The federal government has proposed legislation requiring dishwasher detergents to contain no more than trace amounts of phosphorus. Meanwhile, 16 states have enacted laws cutting phosphorus content to 0.5 percent, from 8.7 percent, as of July 2010. Anticipating that more states may follow, major manufacturers have already reformulated their products for all 50 states.
Earlier efforts by individual states to reduce phosphates or eliminate them entirely prompted some residents to cross state lines and smuggle higher-phosphate detergents into their homes, but it appears that such subterfuges will no longer be necessary.
For our latest tests, we bought 24 low-phosphate dishwasher detergents, including tablets, pacs, liquids, gels, and powders. And this time the news is better: Although none quite equaled the excellent (but now discontinued) higher-phosphate detergent that topped our Ratings in 2009, seven proved very good.
In our tough tests, we smeared dishware with a mix of 17 sticky foods such as chocolate pudding, peanut butter, rice, and macaroni and cheese, while pots received just the macaroni-and-cheese blend. We baked on the goo and assessed how well each detergent removed the soil, kept it from being redeposited, and avoided leaving water spots.
A key lesson that our latest tests reaffirmed was not to shop strictly by brand name, as different products from the same brand wound up near the top and bottom of the Ratings. The four Finish detergents we tested, for example, ran the gamut from the very best to the very worst in our Ratings. The six Cascade detergents also varied widely in performance. Our Ratings (available to subscribers) provide the specifics.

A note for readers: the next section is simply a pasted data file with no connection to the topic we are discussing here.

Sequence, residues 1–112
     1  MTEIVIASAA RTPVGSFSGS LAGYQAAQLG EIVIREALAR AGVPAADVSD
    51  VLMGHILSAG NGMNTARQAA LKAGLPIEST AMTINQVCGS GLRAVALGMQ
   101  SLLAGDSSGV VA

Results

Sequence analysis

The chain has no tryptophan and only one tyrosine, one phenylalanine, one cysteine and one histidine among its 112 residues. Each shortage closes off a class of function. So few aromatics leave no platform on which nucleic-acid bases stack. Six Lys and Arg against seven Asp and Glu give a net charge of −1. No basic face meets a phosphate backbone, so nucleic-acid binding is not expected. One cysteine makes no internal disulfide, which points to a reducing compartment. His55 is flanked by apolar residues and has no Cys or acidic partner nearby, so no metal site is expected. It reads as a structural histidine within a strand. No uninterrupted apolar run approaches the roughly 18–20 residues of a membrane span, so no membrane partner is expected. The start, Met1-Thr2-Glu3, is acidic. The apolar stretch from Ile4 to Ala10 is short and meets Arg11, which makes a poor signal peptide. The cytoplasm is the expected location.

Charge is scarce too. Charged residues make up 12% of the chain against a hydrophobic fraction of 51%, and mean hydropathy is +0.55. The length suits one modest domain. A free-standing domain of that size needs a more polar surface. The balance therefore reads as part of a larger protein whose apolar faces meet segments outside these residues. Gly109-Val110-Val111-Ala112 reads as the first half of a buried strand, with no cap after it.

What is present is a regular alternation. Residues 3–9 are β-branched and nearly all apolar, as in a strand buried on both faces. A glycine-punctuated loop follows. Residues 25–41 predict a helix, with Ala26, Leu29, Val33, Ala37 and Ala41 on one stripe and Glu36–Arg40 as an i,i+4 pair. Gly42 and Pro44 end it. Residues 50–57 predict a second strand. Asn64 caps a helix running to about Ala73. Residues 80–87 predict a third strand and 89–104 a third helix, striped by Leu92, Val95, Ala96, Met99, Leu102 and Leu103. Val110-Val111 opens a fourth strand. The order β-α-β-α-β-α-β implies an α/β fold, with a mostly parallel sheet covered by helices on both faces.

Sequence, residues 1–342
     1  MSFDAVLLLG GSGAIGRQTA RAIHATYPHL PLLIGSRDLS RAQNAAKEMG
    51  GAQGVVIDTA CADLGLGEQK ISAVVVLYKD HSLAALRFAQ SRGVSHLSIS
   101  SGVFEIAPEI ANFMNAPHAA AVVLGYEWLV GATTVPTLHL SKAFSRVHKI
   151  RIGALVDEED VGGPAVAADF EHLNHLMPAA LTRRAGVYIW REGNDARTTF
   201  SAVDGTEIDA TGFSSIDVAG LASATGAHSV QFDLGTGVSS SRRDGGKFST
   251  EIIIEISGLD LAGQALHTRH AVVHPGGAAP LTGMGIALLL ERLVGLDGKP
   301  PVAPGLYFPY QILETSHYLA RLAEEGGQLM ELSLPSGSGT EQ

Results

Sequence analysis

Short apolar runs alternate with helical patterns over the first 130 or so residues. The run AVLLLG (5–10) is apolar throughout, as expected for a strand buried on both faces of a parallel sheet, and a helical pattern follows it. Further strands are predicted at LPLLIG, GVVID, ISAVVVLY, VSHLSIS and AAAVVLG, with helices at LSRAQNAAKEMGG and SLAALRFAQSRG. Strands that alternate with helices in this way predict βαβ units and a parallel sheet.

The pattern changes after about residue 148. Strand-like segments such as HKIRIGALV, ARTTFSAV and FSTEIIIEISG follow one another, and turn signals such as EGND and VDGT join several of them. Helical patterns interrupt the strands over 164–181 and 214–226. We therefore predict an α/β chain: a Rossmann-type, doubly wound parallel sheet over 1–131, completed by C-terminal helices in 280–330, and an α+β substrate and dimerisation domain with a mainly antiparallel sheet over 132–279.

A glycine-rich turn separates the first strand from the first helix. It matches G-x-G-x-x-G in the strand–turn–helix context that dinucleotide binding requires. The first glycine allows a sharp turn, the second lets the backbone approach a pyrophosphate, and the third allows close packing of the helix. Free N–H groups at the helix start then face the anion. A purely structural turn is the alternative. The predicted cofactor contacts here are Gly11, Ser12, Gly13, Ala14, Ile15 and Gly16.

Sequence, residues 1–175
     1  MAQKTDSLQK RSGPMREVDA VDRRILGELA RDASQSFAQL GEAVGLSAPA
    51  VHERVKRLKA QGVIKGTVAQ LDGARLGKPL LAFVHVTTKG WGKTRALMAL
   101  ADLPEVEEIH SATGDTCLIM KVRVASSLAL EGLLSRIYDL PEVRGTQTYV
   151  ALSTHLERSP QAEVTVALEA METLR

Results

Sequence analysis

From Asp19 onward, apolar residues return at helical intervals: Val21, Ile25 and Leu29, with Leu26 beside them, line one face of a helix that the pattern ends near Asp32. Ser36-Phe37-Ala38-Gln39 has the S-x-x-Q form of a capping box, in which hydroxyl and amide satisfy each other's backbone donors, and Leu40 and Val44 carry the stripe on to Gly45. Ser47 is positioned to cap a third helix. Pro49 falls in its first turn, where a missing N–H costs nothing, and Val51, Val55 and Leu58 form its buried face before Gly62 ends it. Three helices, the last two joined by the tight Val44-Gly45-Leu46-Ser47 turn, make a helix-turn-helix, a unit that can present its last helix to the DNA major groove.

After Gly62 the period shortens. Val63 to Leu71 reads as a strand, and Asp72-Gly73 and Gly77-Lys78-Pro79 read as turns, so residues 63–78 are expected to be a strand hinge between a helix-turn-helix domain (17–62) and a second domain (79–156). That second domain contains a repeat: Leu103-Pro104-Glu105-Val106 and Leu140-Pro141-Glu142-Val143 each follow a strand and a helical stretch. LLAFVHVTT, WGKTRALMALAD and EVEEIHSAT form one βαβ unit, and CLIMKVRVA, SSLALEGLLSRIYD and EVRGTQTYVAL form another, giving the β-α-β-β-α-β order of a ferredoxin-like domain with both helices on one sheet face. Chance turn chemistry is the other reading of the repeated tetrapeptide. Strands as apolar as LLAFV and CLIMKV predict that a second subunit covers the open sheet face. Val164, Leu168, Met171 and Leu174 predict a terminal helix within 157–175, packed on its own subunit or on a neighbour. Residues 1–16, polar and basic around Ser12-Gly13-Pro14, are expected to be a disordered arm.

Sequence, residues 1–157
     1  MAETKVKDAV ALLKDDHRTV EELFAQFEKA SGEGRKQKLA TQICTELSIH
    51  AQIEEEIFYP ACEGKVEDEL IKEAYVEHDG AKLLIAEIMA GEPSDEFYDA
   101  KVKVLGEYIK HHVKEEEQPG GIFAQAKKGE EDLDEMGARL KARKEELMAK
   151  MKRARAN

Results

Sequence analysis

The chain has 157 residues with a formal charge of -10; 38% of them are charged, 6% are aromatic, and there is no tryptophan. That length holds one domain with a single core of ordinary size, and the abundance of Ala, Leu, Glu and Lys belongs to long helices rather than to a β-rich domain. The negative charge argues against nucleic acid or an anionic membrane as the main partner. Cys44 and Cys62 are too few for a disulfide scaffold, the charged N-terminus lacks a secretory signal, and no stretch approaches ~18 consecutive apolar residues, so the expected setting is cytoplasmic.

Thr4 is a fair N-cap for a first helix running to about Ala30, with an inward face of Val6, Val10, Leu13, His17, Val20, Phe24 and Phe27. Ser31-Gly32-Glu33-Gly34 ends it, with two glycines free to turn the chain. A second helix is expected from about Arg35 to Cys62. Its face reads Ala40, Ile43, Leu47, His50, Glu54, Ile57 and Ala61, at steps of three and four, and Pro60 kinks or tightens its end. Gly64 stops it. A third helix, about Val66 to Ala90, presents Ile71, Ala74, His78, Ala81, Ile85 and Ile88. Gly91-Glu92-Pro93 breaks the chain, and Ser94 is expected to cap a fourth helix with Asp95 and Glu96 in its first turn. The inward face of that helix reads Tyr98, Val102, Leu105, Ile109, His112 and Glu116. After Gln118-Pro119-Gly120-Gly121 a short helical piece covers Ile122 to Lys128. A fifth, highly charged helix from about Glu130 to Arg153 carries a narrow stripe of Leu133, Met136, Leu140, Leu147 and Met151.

Dishwashing dos and don'ts
Any detergent cleans better if you scrape off heavy soil from dishes and pots before you load them. But you'll save energy and water if you don't prerinse them.
Load large items along the sides and back so they don't block the water and detergent. Face the dirtier side of dishes toward the center of the machine, and don't let dishes or utensils nest. Place items with baked-on food in the bottom rack, face-down toward the sprayer. Rest glasses upside down on prongs so they don't fill with water. Use the top rack for plastic and delicate items that are dishwasher-safe.
Dishwasher detergents and the hot water found in a dishwasher can be rough on silver, fine glassware, brass, bronze, cast iron, disposable plastics, gold-colored flatware, gold-leaf china, hollow-handle knives, pewter, tin, anything made of wood or with a wood handle, and possibly other kitchen ware. Hand-wash items that have value to you.
If glasses emerge from your dishwasher cloudy or spotted, or if a whitish crust collects on your dishwasher's heating element, hard water may be the culprit. Hard water also hurts cleaning performance. Contact your water company to determine the hardness of your water. If you don't have municipal water, use a home test kit ($10 to $25 at home centers and hardware stores). Consider installing a water softener if your water has a total level of calcium, magnesium, and other minerals at 7 grams per gallon or 121 milligrams per liter.
To prevent spotting and to help dishes dry better, most dishwasher and detergent makers recommend adding a rinse aid. Refer to your owner's manual for details. Some detergents and dishwashers recommend adding more detergent. If your water is hard, look for the instructions on your dishwasher detergent package or in your dishwasher's manual.
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